Why Cash Flow Risk Management Matters for Investors

One of the reasons why cash flow risk management is an important thing to consider in your business is because these numbers can have an influence on whether others are willing to invest in your business. When you are consistent with your accounting records and you can show a positive long-term cash flow, then it is an indicator of the health of the company. Additionally, positive cash flow speaks volumes about your stability, creditworthiness, and the overall value offered through your business efforts.

New business owners might feel that investors are still far in the future. But you never know when your business will hit a new opportunity and need more investment capital. Start managing your cash flow right now so you are ready to tap into new potential by bringing in investors in the future.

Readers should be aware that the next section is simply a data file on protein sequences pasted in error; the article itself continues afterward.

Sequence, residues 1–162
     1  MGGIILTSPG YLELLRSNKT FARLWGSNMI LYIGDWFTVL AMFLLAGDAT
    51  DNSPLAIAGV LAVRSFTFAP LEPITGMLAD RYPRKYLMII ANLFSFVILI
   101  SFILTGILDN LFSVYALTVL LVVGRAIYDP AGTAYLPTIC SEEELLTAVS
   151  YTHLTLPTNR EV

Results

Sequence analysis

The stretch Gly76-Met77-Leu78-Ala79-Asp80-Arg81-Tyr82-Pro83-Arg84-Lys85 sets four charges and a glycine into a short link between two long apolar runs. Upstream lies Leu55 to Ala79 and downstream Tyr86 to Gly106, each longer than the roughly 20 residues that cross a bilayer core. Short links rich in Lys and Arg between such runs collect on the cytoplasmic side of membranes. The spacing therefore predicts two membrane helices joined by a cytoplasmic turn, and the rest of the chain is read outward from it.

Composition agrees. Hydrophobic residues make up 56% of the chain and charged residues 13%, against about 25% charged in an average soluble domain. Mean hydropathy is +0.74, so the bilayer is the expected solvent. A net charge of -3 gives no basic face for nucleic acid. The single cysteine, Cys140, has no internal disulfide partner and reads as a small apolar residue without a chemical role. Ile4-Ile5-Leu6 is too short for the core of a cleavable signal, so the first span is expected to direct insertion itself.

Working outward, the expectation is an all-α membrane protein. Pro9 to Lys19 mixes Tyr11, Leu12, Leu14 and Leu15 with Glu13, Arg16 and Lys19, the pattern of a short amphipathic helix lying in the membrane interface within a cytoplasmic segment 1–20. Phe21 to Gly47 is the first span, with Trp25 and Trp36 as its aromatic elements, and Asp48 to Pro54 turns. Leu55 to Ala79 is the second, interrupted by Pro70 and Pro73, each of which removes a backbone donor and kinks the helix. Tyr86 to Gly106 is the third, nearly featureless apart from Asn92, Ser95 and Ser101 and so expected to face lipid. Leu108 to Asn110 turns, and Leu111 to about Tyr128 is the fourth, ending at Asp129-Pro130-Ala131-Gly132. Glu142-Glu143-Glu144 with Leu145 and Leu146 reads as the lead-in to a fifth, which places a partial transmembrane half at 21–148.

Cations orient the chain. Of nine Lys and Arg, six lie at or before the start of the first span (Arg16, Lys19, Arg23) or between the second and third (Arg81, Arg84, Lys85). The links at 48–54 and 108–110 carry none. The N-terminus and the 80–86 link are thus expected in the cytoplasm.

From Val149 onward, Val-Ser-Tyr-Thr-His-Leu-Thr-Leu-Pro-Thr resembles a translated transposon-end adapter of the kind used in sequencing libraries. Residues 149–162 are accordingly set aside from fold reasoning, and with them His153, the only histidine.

Cash Flow Risk Management Tips

Where should you start if you need to improve your cash flow risk management? Here are a few tips to help you get on track with these goals:

  1. Identify Your Plan: You can’t take a passive approach when it comes to financial reporting and ongoing tracking. It’s important to not only identify your plan, but work with financial experts to determine the right steps needed for your business. Creating a strong financial plan guides your decisions, and also helps you maintain a clear vision of the possibilities in the future. This business plan works as the guiding star for your budgeting and strategy.